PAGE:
Attendees at the 2014 ASH Annual Meeting.

The 56th ASH Annual Meeting & Exposition took place December 6-9, 2014, in San Francisco, California.

New test could improve warfarin monitoring

Warfarin tablets

Monitoring warfarin using a modified prothrombin time (PT) test can improve anticoagulation stability and long-term clinical outcomes, result of the Fiix trial suggest. With Fiix-PT—a test that only measures the activity of coagulation factors II and X—the effect of warfarin fluctuated less than with standard PT. Fiix-PT also proved superior in reducing long-term,... [Read Article]

Drug reverses dabigatran’s effects in elderly/impaired

Credit: CDC

An investigational, humanized antibody fragment known as idarucizumab can reverse the anticoagulation effects of dabigatran, new research suggests. In a small study, idarucizumab led to sustained reversal of dabigatran’s effects in healthy subjects, elderly volunteers, and participants with mild to moderate renal impairment. Furthermore, dabigatran anticoagulation could be re-established 24 hours... [Read Article]

HIV doesn’t hinder lymphoma patients’ response to ASCT

HIV budding from
a cultured lymphocyte
Credit: CDC

Patients with HIV-related lymphoma (HRL) should not be excluded from clinical trials of autologous stem cell transplant (ASCT) due to their HIV status, new research suggests. Investigators found no significant difference in rates of treatment failure, disease progression, or survival between transplant-treated historical controls who... [Read Article]

Maintenance prolongs PFS, not OS, in relapsed CLL

Monoclonal antibodies
Credit: Linda Bartlett

Maintenance therapy with the anti-CD20 monoclonal antibody ofatumumab improves progression-free survival (PFS), but not overall survival (OS), in patients with relapsed chronic lymphocytic leukemia (CLL), according to an interim analysis of the PROLONG study. The median PFS was about 29 months in patients who received ofatumumab and about 15... [Read Article]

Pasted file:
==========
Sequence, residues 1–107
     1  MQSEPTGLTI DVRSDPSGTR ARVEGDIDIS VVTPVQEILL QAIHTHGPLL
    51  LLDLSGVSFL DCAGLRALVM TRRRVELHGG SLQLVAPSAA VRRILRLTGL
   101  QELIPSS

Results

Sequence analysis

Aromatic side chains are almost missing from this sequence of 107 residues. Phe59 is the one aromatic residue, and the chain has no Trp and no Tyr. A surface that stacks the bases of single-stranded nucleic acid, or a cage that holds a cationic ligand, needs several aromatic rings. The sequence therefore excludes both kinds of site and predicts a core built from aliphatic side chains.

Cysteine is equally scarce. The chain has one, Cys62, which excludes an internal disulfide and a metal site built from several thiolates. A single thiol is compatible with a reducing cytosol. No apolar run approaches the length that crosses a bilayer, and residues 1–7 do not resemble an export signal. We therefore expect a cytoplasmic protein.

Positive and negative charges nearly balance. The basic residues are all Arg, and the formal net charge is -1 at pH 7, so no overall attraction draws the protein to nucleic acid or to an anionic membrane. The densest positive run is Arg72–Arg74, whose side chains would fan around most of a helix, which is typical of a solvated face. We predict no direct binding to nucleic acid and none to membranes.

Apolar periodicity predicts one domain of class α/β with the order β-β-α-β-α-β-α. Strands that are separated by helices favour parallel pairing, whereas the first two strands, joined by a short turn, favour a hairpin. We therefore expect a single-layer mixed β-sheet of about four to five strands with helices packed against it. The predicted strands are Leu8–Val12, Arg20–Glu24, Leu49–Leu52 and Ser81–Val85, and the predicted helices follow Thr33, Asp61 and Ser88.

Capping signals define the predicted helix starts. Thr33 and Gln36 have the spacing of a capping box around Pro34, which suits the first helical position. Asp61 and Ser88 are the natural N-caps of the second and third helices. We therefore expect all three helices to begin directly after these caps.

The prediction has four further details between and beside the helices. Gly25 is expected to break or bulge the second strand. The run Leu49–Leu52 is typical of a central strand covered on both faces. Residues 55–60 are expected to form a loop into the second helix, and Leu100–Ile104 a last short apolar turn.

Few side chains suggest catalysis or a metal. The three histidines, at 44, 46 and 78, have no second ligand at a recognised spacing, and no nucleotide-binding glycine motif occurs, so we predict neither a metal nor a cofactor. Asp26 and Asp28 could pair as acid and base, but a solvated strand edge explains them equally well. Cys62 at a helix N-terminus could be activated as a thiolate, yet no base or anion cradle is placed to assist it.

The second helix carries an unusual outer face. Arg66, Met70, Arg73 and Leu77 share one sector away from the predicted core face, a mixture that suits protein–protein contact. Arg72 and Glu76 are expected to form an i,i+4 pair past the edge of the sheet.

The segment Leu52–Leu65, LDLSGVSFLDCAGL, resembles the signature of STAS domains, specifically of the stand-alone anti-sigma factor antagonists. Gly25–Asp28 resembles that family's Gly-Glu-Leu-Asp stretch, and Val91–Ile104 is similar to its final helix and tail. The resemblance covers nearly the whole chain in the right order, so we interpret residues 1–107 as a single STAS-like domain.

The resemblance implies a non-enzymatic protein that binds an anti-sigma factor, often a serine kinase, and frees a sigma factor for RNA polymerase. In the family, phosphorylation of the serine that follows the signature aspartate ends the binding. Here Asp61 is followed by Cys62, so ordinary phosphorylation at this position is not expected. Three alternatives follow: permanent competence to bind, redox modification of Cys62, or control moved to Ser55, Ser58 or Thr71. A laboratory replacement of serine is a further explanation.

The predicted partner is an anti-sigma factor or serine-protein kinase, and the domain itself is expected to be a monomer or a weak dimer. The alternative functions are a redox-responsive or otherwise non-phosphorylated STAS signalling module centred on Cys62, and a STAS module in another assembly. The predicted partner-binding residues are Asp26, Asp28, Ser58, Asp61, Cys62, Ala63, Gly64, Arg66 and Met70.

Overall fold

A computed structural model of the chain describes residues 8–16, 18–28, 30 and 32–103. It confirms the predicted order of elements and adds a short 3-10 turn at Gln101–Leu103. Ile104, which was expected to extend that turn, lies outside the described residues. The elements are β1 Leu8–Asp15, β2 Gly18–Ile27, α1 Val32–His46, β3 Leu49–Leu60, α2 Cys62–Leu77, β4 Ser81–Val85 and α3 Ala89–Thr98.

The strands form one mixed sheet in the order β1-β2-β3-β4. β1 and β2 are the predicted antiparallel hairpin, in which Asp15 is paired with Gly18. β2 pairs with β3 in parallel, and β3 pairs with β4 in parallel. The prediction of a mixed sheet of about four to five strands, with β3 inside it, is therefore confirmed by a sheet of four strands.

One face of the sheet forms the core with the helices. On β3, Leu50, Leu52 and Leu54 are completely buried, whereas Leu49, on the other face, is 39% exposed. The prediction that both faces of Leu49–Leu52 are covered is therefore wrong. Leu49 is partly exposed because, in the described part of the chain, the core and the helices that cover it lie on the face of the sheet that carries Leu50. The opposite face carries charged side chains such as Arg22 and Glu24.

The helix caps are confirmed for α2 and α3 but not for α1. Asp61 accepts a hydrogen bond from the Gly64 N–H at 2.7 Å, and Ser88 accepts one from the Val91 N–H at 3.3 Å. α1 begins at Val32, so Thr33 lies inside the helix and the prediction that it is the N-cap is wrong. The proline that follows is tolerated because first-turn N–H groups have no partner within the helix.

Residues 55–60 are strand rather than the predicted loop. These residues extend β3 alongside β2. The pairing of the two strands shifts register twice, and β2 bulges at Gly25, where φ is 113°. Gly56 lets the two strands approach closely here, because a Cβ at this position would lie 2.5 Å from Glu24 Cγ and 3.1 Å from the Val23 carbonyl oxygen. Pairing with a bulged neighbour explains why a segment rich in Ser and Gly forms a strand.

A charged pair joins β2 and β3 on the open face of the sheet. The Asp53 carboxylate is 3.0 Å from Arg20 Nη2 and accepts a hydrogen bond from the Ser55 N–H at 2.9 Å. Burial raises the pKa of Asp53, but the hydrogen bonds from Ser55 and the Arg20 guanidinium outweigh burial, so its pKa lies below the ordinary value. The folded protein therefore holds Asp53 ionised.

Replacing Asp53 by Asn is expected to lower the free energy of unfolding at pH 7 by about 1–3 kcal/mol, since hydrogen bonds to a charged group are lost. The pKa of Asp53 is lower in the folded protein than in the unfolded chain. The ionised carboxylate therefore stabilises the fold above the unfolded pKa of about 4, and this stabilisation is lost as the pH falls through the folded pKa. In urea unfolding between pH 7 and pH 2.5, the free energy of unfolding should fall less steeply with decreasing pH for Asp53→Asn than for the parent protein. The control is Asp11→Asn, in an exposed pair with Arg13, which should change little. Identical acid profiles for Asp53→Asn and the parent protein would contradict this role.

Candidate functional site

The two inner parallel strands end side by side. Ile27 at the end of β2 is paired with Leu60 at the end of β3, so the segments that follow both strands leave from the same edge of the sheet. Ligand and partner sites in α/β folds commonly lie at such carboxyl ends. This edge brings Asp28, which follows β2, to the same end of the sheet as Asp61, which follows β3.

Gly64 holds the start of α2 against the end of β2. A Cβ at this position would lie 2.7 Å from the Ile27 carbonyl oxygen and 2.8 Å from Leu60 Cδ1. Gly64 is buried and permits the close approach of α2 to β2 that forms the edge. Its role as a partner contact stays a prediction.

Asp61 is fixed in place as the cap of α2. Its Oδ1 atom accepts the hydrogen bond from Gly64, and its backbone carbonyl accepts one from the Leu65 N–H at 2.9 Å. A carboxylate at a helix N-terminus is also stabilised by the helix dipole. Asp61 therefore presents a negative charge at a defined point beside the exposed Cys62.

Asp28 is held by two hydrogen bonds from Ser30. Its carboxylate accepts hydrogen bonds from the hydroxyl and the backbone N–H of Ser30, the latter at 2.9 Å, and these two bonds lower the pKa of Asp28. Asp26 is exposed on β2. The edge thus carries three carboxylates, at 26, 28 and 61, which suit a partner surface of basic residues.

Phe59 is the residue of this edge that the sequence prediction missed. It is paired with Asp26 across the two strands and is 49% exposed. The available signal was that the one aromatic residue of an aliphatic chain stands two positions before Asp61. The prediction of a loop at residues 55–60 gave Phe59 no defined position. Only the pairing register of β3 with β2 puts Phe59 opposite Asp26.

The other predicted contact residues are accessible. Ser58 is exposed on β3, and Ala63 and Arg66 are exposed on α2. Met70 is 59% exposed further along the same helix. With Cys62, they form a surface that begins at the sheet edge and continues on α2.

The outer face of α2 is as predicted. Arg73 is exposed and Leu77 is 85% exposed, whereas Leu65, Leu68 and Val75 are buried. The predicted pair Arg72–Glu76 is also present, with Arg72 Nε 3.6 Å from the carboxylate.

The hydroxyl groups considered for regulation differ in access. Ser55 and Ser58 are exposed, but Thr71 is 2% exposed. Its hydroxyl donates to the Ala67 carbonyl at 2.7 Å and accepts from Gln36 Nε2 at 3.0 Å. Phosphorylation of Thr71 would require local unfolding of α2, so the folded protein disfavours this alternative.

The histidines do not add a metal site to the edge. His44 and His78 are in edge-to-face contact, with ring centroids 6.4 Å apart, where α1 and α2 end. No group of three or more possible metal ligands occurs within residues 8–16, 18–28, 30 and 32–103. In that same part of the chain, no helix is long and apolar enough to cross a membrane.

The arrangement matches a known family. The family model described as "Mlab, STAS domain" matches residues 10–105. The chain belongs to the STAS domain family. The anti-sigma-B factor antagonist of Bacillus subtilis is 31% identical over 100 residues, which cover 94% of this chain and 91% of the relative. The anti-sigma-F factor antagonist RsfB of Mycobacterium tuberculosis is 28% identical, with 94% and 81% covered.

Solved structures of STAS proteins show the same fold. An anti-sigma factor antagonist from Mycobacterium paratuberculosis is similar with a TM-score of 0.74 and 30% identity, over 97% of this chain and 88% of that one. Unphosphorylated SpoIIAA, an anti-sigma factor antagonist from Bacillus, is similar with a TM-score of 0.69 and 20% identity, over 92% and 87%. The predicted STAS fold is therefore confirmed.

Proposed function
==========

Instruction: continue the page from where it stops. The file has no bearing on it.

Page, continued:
Older patients benefit from brentuximab treatment

Doctor and patient
Credit: NIH

Younger patients with Hodgkin lymphoma fare well on brentuximab vedotin, experiencing an overall objective response rate (ORR) of 75% and a complete response (CR) rate of 34% in the pivotal phase 2 study of patients with relapsed/refractory disease. And a retrospective study of patients older than 60 years showed... [Read Article]

CARs come in different makes and models

T cells
Credit: NIAID

CTL019, a chimeric antigen receptor (CAR) T cell targeting CD19, is not the only CAR in the production line. Investigators at the National Cancer Institute and Memorial Sloan Kettering Cancer Center (MSKCC) are also pursuing CAR T-cell therapy. These groups are using a retroviral platform to transduce the T... [Read Article]

CAR is feasible in majority of ALL patients, team says

ALL patient
Credit: Bill Branson

A chimeric antigen receptor (CAR) T-cell therapy is feasible in 90% of heavily pretreated or transplanted patients with acute lymphoblastic leukemia (ALL) and can serve as a bridge to transplant, according to investigators. Daniel W. Lee III, MD, of the National Cancer Institute in Bethesda, Maryland, reported on a... [Read Article]

CAR produces durable responses in B-cell ALL

Blood collection
Credit: Charles Haymond

JCAR015, a chimeric antigen receptor (CAR) T-cell therapy, can produce durable responses in patients with B-cell acute lymphoblastic leukemia (ALL) who do not undergo subsequent hematopoietic stem cell transplant (HSCT), new research suggests. JCAR015 consists of autologous T cells genetically modified to express a 19-28z CAR targeting CD19. Jae... [Read Article]

Combo shows promise for rel/ref MM

Monoclonal antibodies
Credit: Linda Bartlett

Combination therapy involving a novel monoclonal antibody (mAb) produces encouraging activity in relapsed or refractory multiple myeloma (MM), according to researchers. The team conducted a phase 1b trial testing the IgG1 mAb SAR650984 in combination with lenalidomide and dexamethasone (SAR-len-dex). The treatment produced an overall response rate (ORR) of... [Read Article]

Extended anticoagulation offers transient benefit

CT scan showing a PE
Credit: Medical College
of Georgia
New research indicates that extending anticoagulant therapy to 2 years can reduce the risk of recurrent venous thromboembolism (VTE) without increasing major bleeding, but this benefit only lasts while patients are receiving the therapy. In the PADIS-PE study, patients with a first episode... [Read Article]